Liz Cheney run for Wyoming Senate seat: Is she a lock to win?

Liz Cheney, daughter of the former vice president, is launching a Senate candidacy. But Michael Enzi, a Republican, already occupies the seat she wants.

Cliff Owen/AP/File
Liz Cheney addresses the Conservative Political Action Conference in Washington, Feb. 18, 2010. Cheney announced Tuesday, July 16, 2013, she will run against Wyoming's senior senator Mike Enzi in next year's Republican primary.

Surprise – Liz Cheney is going to run for a Senate seat in Wyoming next year. That’s where the Cheney family has roots, since dad Dick Cheney went to school there and was Wyoming’s lone representative before he became George W. Bush’s vice president.

But it’s not like Cheney the daughter has spent years building a network in the state and saluting the crowd at Cheyenne’s iconic Frontier Days. She just bought a house there last year after spending much of her recent life in the non-cowboy country of northern Virginia.

Plus, a Republican already occupies the seat Ms. Cheney wants, Sen. Michael Enzi. He’s in his third term and is Wyoming to the core: He grew up in Thermopolis and is a former mayor of Gillette.

So does Cheney have a chance to knock off Senator Enzi in the GOP primary?

Yes. Yes, she does. At this point, she might even be the favorite.

“Cheney represents a major problem for Enzi,” judge Washington Post political analysts Chris Cillizza and Sean Sullivan.

Money is one reason. She’ll be able to raise all she needs to run in a thinly populated state where advertising is cheap. Her cash may come from out of state, because of the Cheney family’s national connections, but Enzi just won’t even be in the same league in terms of war chests. He’s clearly unprepared for a primary challenge, as at this point he’s got under $500,000 in his political accounts.

Then there’s the Cheney name. Enzi is famous for Wyoming, so the advantage here isn’t as clear as it seems from outside the state. But Mr. Cheney is still remembered by a significant portion of Wyoming voters as an alumnus, someone who rose from Casper to the highest level of US politics.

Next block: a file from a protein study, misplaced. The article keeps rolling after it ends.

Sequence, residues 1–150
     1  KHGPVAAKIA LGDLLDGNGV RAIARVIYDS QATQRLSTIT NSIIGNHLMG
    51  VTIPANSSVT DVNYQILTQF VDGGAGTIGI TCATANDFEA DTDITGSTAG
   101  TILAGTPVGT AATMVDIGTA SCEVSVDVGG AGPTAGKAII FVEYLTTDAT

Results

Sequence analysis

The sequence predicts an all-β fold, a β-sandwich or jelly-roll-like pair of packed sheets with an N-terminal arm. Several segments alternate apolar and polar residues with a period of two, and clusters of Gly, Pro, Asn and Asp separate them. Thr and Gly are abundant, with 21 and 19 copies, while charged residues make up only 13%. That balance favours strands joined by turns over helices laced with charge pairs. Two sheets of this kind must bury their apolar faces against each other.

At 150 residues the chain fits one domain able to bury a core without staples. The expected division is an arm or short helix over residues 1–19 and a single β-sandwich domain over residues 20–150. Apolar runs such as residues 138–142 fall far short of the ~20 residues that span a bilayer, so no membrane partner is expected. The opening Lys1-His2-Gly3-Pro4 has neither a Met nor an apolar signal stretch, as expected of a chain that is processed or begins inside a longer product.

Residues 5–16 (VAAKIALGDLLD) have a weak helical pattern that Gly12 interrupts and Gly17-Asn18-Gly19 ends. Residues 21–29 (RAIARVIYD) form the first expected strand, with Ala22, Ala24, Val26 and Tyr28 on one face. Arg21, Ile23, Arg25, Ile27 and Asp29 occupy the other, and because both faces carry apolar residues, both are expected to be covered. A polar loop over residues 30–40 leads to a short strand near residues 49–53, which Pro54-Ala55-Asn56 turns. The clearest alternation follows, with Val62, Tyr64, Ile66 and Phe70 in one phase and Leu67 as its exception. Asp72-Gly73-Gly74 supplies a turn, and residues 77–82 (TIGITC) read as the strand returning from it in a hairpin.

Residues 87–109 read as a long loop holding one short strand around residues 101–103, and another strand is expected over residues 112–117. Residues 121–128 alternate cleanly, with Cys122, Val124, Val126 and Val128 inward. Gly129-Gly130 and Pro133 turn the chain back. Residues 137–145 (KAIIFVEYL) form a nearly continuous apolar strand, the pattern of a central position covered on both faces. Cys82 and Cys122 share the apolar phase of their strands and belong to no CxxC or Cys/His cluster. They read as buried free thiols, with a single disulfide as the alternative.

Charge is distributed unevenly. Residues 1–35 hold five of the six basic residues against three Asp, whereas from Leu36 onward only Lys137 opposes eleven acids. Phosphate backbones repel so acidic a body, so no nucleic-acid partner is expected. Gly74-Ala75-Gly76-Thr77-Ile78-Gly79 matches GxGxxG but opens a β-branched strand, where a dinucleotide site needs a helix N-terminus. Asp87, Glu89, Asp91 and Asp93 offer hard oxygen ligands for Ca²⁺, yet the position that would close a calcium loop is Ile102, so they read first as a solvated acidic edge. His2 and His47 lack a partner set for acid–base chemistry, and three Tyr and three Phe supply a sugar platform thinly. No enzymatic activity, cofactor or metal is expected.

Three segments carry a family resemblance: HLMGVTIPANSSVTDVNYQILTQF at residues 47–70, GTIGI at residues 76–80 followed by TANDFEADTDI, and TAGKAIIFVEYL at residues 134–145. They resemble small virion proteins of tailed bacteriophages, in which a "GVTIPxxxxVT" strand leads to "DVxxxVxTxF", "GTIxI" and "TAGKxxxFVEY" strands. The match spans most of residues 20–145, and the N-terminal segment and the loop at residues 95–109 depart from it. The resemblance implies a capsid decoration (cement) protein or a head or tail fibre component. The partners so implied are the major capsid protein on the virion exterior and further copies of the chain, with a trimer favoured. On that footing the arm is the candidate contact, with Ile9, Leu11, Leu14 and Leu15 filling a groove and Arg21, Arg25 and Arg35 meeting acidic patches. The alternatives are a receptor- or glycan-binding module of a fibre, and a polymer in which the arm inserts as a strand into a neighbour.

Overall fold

That counts for something.

Plus, it appears that Ms. Cheney will try to define Enzi as a go-along, someone who’s been content to work with party leadership and (gasp!) Democrats over the years. It remains to be seen how that plays in Wyoming as a whole, but it’s sure to get lots of attention and support from the tea party wing of the GOP and others who think the party’s problem is that it does not fight hard enough.

“Mike Enzi is a fine Republican, but he is not putting points on the board for conservatives.... We need less rudderless Republicans who shuffle around at the direction of their leadership and lobbyist friends,” conservative pundit Erick Erickson wrote Tuesday at RedState.

Of course, Cheney will have to handle the carpetbagger issue if she’s going to win. Enzi probably will try to define her as someone who’s running only because of personal ambition. It’s not like Enzi is a Northeastern moderate, like New Jersey Gov. Chris Christie (R). He’s already one of the most conservative senators.

Enzi’s best course of action may be to charge that Cheney is “too extreme” for Wyoming. She’s embraced her father’s neoconservative foreign-policy views, which included advocacy for the Iraq war and other interventionist actions. She’s charged that President Obama is “working to preemptively disarm America.”

According to Enzi, she broke her word when she entered the Senate race.

“She said that if I ran she wasn’t going to run, but obviously that isn’t correct,” Enzi said Tuesday.

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